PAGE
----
UK government, Amaya Gaming, UK license

The UK Gambling Commission appears to be unconcerned about Amaya’s operations in gray markets like Russia. (stock-free-images.net)

Amaya Gaming has passed its most rigid regulatory test since the acquisition of PokerStars and Full Tilt, following the granting of UK licenses for both poker sites, as well as its B2B online casino business.

Amaya had previously been operating in the UK under a temporary ancillary license.

Previously to the advent of the new UK licensing regime, both PokerStars and Full Tilt had been licensed in the Isle of Man, one of several UK white-listed jurisdictions.

But the new UK Gambling Act, which came into force at the beginning of the year states that in order to offer online gambling to UK citizens an operator must be licensed and taxed in the UK.

The online poker giant launched a UK client in November, migrating all players from the .com client, although UK players still share its player pools.

12 Licenses Across Europe

“We believe the UK licenses illustrate the strength of our platforms, our regulatory approach, and our commitment to integrity, security, and consumer protection,” said Eric Hollreiser, Head of Corporate Communications for Amaya and PokerStars. “PokerStars and Full Tilt now hold licenses from a dozen European jurisdictions.”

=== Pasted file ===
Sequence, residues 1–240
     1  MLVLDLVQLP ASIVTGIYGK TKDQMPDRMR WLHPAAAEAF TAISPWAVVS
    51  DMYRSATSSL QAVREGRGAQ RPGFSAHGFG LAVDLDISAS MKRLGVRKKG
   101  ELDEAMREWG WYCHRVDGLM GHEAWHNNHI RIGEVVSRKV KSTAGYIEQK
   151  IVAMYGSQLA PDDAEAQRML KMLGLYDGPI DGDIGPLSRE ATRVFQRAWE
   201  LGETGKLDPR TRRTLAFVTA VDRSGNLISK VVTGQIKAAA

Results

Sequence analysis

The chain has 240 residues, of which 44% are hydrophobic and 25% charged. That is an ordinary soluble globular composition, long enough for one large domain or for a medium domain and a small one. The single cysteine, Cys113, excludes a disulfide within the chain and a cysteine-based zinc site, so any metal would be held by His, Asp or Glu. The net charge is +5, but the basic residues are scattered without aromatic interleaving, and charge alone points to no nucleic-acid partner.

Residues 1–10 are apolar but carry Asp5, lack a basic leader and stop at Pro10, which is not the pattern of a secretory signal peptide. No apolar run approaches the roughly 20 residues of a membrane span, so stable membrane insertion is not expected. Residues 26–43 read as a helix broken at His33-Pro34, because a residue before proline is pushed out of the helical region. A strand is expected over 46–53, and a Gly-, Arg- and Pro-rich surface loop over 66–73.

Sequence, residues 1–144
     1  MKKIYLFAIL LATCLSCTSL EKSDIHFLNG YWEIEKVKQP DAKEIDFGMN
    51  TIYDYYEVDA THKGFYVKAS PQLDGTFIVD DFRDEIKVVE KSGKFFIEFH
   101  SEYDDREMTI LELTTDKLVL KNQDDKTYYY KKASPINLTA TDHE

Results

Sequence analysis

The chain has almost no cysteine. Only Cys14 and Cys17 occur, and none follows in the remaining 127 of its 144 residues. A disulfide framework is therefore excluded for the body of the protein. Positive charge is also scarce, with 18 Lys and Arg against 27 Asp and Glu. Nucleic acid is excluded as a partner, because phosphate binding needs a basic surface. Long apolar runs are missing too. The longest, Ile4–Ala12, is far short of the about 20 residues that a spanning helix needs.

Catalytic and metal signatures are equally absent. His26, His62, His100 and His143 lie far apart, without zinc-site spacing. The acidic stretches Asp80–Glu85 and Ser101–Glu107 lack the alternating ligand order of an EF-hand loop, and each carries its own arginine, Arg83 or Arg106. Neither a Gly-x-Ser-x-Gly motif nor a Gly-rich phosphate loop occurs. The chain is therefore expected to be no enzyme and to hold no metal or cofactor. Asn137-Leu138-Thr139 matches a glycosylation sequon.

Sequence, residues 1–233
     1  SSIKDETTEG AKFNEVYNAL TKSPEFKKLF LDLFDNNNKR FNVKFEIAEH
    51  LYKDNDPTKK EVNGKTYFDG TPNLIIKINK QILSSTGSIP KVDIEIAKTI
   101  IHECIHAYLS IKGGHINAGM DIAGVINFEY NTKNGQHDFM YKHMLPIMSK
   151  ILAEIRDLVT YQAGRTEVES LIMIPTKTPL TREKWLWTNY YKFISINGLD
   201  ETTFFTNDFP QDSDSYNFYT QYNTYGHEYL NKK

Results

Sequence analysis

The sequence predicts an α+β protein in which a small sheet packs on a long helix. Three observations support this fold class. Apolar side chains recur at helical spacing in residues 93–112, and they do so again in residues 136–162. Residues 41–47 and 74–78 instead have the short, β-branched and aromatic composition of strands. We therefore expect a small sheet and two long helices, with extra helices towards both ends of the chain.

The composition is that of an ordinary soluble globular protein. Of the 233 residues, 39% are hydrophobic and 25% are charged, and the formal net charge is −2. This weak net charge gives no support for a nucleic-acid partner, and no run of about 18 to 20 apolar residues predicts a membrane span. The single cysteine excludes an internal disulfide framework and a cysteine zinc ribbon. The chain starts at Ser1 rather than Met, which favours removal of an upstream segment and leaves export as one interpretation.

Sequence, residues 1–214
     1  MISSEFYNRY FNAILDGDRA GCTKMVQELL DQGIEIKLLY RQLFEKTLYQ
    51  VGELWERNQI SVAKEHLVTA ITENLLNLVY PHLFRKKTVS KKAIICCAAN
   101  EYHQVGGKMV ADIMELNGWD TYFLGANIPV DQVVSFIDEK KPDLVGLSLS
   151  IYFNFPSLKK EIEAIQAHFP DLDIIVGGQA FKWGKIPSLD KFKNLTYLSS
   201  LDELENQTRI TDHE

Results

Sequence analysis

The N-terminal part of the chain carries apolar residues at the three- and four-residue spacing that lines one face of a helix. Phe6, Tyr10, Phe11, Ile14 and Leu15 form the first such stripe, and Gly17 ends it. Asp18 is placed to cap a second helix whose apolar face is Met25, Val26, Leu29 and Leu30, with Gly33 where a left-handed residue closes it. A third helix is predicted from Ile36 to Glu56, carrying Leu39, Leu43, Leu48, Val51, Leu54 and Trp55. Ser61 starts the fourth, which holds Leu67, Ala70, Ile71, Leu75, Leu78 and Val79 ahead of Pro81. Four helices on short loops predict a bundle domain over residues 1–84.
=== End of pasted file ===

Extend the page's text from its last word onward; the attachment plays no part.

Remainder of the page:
Perhaps most significantly, the new regime requires applicants to provide legal justification for operating in markets for which they hold no specific license. PokerStars ceased operations in a number of “gray market” countries suddenly and without warning towards the end of last year, the majority were in Africa and the Middle East, presumably as a compliance measure.

However, it still offers games to Russia, where the government has tried to block access, and to major gray markets such as Germany, Canada, Mexico and Japan.

Tacit Approval for Gray Market Ops

While each applicant is judged on its own respective merit and integrity, it’s interesting that the UK Gambling Commission (UKGC) clearly does not feel that companies operating in these countries should be precluded from receiving licenses. Nor  does it seem to be overly concerned with PokerStars’ and Full Tilt’s history of offering gambling to American citizens, post UIEGA.

This, despite the declaration on its website that it “will also look at the manner by which the applicant has conducted any previous business with specific regard to the provision of gambling in other jurisdictions and in particular any operations in black or grey markets.”

According to a statement from Amaya, the UKGC conducted a “thorough investigation” of its business practices, which included everything from its anti-money laundering procedures to its responsible gaming policies and practices.

“We believe the UK licenses illustrate the strength of our platforms, our regulatory approach, and our commitment to integrity, security, and consumer protection,” Hollreiser said.  “PokerStars and Full Tilt now hold licenses from a dozen European jurisdictions.”